HAPPENED TODAY - On December 6, 1953, the composer Andrew Violette was born in New York

Graham Waterhouse

Dear Maestro Waterhouse thank you for your interest in our website but above all thank you for agreeing to answer our questions.
Can you briefly give us some information about your background, about your life as a musician, related to your studies and training? Were there already musicians or composers in your family?
I was born into a musical family in North London. My father was a bassoonist and my mother a pianist, who trained in Munich and became a violin teacher. As children, my sisters and myself were soon started on stringed instruments and piano. Whilst a musically inclined schoolboy at a London public school, the emphasis was on a broad musical education. Cello was always my main instrument, but I also sang in a choir, learned piano, organ, composition and conducting. At University I studied composition and musicology; at German Hochschulen, I studied cello, also conducting and for a short while piano as well. The wide field of study was partly influenced by my father, who, besides being an eminent bassoonist, was also a musician of wide interests, embracing piano, viola, and musicology (more specifically organology – the history of musical instruments). I have always pursued a varied musical life, finding the different disciplines complementary to one another, especially cello and composition. Whilst cello playing and composing have remained constants, I have also worked as a conductor and a pianist. In recent years composing has become a greater priority.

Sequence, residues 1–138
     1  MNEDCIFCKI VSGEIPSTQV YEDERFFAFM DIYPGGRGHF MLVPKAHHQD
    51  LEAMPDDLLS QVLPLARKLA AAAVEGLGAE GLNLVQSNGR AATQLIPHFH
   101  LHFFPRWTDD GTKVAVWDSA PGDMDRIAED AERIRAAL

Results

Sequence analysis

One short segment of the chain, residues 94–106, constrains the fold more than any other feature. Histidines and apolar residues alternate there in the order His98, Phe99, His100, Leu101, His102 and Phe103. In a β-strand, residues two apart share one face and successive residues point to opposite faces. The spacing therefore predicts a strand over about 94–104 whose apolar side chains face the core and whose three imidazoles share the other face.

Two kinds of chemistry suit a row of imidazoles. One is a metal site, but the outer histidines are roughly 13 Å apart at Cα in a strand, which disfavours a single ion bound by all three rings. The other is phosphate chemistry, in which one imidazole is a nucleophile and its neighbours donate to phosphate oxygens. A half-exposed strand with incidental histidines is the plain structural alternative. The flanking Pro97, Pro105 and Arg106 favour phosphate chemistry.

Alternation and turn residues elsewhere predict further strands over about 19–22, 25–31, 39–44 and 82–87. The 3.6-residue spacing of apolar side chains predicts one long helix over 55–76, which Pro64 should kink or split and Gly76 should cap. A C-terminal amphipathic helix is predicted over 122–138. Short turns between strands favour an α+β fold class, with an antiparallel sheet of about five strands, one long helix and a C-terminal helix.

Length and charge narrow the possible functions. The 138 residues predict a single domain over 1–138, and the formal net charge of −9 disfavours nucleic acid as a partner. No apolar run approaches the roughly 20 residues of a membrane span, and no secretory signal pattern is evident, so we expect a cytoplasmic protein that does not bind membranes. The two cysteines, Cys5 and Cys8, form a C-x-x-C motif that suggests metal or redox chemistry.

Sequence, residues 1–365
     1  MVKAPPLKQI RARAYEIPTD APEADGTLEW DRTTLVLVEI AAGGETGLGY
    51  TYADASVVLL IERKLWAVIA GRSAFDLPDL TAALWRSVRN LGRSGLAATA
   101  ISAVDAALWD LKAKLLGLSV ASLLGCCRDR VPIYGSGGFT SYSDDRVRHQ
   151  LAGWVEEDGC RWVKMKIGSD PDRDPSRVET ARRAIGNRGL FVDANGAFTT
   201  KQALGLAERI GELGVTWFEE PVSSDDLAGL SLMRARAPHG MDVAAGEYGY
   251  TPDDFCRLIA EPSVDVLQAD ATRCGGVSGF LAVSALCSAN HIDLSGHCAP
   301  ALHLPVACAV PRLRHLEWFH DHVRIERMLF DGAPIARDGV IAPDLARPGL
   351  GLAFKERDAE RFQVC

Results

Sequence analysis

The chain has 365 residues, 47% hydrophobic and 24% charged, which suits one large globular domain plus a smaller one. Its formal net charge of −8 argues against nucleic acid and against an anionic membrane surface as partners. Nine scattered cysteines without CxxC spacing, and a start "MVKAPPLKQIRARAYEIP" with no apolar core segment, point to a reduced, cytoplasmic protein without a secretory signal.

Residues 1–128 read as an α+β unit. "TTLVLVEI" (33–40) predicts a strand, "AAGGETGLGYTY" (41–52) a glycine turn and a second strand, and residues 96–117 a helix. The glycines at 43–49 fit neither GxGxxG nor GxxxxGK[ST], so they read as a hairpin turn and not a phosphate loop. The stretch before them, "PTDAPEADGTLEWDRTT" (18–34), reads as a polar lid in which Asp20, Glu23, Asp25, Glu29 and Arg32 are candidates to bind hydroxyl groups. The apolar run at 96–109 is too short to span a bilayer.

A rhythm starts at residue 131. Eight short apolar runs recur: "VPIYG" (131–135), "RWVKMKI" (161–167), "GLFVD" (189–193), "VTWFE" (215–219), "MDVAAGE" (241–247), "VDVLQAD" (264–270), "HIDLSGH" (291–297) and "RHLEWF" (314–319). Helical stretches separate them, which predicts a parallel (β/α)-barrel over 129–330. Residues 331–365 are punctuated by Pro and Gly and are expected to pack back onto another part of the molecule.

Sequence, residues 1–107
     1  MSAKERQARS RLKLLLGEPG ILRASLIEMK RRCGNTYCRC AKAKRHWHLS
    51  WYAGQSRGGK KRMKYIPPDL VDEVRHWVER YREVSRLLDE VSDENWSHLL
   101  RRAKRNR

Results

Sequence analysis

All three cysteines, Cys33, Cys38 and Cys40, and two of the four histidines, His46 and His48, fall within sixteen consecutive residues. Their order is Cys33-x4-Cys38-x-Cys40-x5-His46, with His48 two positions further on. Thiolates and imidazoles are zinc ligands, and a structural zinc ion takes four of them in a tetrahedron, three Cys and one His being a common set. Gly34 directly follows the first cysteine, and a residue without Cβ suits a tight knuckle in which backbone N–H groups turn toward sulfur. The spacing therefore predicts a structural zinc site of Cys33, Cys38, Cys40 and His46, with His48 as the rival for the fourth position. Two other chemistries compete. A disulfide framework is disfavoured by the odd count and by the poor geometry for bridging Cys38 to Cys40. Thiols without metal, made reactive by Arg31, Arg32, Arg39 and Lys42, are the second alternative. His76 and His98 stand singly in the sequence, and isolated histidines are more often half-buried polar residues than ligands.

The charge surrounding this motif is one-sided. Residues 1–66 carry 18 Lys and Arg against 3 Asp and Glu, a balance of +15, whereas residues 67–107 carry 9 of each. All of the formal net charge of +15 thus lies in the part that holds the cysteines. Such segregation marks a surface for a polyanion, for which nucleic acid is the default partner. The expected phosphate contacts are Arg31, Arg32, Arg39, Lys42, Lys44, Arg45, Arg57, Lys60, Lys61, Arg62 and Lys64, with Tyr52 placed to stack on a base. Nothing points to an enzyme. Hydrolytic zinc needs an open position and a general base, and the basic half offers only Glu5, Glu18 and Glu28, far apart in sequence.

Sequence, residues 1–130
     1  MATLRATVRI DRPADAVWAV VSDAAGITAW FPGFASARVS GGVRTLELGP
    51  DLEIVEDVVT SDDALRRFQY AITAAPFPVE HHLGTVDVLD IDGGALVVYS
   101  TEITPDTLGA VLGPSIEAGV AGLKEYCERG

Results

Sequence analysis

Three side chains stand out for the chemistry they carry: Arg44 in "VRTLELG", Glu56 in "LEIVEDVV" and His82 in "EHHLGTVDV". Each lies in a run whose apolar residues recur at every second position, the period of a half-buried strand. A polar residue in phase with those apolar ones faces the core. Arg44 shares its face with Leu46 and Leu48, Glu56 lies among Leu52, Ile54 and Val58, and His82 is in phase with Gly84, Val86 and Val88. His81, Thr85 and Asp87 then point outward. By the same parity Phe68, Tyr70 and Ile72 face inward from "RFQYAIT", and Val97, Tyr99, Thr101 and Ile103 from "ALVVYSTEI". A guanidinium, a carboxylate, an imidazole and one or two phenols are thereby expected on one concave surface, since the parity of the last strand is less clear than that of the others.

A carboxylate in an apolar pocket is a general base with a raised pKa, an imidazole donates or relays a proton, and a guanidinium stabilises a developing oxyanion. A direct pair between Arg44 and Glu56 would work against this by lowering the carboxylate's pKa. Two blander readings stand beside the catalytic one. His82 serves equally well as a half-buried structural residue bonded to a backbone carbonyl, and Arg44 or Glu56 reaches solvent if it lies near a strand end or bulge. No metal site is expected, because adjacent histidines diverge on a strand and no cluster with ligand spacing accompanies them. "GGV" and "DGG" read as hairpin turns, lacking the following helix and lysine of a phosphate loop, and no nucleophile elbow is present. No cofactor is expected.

Why did you choose the cello as your instrument?
To be frank, as six-year-old I did not choose cello, but my mother did, seeing I had strong hands and an apparent affinity for the instrument.

Who were your most significant teachers? Have you worked with other musicians who have, obviously, influenced your artistic growth?
My most memorable cello teachers were Maria Kliegel, Young-Chang Cho and Siegfried Palm, each of whom combined cellistic prowess with a high degree of musicality. Another strong influence was Celibidache, who encouraged me as a composer when I played under his direction with the Schleswig Holstein Festival Orchestra. In conversation, several of my literary London friends have offered inspiring ideas, as have also musician colleagues, family members, publishers…

[to be continued]